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Article

A Qualitative Study Comparing Mindfulness and Shinrin-Yoku (Forest Bathing): Practitioners’ Perspectives

1
School of Sport, Exercise and Rehabilitation Sciences, University of Birmingham, Birmingham B15 2TT, UK
2
Human Sciences Research Centre, University of Derby, Derby DE22 1GB, UK
3
College of Health, Psychology and Social Care, University of Derby, Derby DE22 1GB, UK
*
Author to whom correspondence should be addressed.
Academic Editor: Takahide Kagawa
Sustainability 2021, 13(12), 6761; https://doi.org/10.3390/su13126761
Received: 28 April 2021 / Revised: 4 June 2021 / Accepted: 8 June 2021 / Published: 15 June 2021
(This article belongs to the Special Issue Psychological Benefits of Walking or Staying in Forest Areas)
The boundary between mindfulness and forest bathing, two conceptually related therapies, is unclear. Accordingly, this study reports the strengths and challenges, similarities and differences, and barriers and facilitators for both. Semi-structured interviews were conducted with seven trained and experienced practitioners of both mindfulness and forest bathing. Reflexive thematic analysis revealed four main themes: (i) differences between the approaches; (ii) the benefits of forest bathing; (iii) biophilia through forest bathing; and (iv) inward versus outward attentional focus as a distinction between the approaches. Both practices were found to benefit well-being, but practitioners revealed key barriers to mindfulness. For vulnerable groups experiencing mental health challenges or difficulties achieving a meditative state, mindfulness may introduce well-being risks. By offering a gentler, more intuitive approach that encourages outward attentional focus, forest bathing was found to overcome this barrier. Forest bathing is suitable for all groups, but adaptations are recommended for those expressing fear or discomfort in forested environments. The findings inform how to position both approaches in practice, as a first step towards social prescribing recommendations. Wider implications concern forest bathing’s potential to impact environmental well-being. Future research must garner comparative data, involve young people, and explore the feasibility of a forest bathing social prescription. View Full-Text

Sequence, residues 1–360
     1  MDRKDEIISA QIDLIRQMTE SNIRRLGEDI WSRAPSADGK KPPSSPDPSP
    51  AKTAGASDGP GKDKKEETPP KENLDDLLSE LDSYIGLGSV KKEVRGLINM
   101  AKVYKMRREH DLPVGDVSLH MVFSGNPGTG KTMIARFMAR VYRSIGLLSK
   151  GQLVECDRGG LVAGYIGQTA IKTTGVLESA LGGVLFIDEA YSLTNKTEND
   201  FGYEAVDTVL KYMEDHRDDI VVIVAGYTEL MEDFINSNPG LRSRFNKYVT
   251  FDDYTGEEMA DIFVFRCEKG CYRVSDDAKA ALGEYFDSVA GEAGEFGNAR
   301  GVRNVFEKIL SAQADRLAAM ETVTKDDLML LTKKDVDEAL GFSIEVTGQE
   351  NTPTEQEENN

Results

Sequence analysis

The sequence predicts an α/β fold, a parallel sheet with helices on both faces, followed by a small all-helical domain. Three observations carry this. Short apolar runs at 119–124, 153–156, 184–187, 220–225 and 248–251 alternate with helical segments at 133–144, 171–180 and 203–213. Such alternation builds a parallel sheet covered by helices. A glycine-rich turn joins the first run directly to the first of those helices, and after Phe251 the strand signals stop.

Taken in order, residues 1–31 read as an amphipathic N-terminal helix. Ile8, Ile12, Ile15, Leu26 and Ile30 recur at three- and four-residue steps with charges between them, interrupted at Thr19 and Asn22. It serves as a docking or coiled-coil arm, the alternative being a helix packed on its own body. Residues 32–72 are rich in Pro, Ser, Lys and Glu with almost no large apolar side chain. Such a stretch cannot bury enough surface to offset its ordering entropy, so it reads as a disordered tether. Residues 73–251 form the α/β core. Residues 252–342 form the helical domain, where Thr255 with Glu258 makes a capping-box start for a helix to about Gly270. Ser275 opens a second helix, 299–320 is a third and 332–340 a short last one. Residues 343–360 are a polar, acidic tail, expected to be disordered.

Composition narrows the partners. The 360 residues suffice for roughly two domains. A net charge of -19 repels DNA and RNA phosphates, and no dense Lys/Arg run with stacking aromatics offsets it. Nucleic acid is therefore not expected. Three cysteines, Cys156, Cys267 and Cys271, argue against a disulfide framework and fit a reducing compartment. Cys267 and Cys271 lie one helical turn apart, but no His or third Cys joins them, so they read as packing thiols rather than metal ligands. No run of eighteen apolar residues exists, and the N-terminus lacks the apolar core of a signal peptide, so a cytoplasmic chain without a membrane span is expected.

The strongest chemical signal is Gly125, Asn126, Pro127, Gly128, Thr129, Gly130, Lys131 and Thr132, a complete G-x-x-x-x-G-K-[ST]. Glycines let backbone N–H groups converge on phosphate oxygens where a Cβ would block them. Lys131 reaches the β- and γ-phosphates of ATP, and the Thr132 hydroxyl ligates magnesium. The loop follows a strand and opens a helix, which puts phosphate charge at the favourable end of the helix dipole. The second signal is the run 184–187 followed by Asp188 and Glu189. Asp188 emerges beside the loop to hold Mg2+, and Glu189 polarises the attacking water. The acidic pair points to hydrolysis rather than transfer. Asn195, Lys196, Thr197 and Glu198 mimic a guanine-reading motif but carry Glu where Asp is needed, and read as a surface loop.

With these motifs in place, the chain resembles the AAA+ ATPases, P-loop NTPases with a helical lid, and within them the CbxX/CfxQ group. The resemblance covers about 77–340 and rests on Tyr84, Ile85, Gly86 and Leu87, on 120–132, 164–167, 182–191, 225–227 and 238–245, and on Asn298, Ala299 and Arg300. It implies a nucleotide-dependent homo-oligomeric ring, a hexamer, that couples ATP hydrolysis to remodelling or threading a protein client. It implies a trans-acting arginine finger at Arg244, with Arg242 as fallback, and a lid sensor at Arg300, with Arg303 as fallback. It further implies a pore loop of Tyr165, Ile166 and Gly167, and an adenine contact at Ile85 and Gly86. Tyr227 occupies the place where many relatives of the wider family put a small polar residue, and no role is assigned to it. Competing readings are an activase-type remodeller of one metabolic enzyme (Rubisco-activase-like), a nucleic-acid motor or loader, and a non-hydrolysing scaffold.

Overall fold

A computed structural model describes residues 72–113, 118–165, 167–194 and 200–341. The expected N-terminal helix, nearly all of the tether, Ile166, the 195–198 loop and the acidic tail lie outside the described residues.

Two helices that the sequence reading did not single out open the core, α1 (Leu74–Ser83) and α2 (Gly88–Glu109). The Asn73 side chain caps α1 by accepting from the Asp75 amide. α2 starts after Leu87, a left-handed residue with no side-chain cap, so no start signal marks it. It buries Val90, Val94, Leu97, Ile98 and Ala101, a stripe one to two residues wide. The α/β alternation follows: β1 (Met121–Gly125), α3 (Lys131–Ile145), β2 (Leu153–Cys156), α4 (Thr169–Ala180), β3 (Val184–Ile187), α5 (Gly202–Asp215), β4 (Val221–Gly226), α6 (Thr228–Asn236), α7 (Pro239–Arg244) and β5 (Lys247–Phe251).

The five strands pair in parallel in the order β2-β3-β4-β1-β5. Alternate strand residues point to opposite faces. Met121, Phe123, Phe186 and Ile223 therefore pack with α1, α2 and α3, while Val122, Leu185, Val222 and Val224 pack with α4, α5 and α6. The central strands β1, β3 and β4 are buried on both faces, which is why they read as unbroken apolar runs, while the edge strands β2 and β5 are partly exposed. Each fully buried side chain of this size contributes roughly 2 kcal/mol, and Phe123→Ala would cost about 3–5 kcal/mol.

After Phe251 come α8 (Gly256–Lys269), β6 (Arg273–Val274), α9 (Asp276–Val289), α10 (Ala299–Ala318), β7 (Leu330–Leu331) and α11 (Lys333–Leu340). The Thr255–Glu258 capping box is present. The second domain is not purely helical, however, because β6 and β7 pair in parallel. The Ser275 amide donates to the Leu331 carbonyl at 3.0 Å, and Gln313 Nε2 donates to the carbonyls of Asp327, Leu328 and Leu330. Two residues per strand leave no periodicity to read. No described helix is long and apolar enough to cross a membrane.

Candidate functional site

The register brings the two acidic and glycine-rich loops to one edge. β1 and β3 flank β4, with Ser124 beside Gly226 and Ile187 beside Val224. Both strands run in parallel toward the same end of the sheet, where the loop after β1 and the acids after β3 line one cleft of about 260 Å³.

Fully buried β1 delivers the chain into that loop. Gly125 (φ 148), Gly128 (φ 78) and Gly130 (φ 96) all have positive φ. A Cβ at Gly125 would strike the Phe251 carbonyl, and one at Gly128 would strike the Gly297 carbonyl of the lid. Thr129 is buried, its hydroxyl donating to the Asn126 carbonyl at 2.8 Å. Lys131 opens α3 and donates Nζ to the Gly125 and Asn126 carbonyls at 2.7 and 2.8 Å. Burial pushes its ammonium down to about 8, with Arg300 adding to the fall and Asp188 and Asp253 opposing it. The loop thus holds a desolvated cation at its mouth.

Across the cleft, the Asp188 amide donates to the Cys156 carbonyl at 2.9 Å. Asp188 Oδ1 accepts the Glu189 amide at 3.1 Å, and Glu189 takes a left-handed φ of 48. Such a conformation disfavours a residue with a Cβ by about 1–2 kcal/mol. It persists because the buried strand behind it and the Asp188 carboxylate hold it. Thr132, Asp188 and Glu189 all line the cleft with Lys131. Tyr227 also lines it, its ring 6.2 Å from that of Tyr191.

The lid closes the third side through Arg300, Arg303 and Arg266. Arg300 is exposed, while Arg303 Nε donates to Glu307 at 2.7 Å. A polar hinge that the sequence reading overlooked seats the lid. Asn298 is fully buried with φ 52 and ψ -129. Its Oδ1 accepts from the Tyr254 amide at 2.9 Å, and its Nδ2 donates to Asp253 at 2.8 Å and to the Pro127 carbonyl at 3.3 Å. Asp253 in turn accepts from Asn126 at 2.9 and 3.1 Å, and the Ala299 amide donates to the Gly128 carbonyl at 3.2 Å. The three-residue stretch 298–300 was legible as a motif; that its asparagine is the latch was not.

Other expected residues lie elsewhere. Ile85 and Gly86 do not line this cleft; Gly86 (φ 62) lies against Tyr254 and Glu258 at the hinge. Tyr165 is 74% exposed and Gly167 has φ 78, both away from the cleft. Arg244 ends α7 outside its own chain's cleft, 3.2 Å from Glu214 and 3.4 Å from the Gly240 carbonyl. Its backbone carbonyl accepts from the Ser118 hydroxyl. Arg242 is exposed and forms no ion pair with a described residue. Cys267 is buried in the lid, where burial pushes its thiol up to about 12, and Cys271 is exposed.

Keywords: compassion; environment; forest bathing; mindfulness; nature connection; social prescribing; therapeutic practice compassion; environment; forest bathing; mindfulness; nature connection; social prescribing; therapeutic practice
MDPI and ACS Style

Clarke, F.J.; Kotera, Y.; McEwan, K. A Qualitative Study Comparing Mindfulness and Shinrin-Yoku (Forest Bathing): Practitioners’ Perspectives. Sustainability 2021, 13, 6761. https://doi.org/10.3390/su13126761

AMA Style

Clarke FJ, Kotera Y, McEwan K. A Qualitative Study Comparing Mindfulness and Shinrin-Yoku (Forest Bathing): Practitioners’ Perspectives. Sustainability. 2021; 13(12):6761. https://doi.org/10.3390/su13126761

Chicago/Turabian Style

Clarke, Fiona J., Yasuhiro Kotera, and Kirsten McEwan. 2021. "A Qualitative Study Comparing Mindfulness and Shinrin-Yoku (Forest Bathing): Practitioners’ Perspectives" Sustainability 13, no. 12: 6761. https://doi.org/10.3390/su13126761

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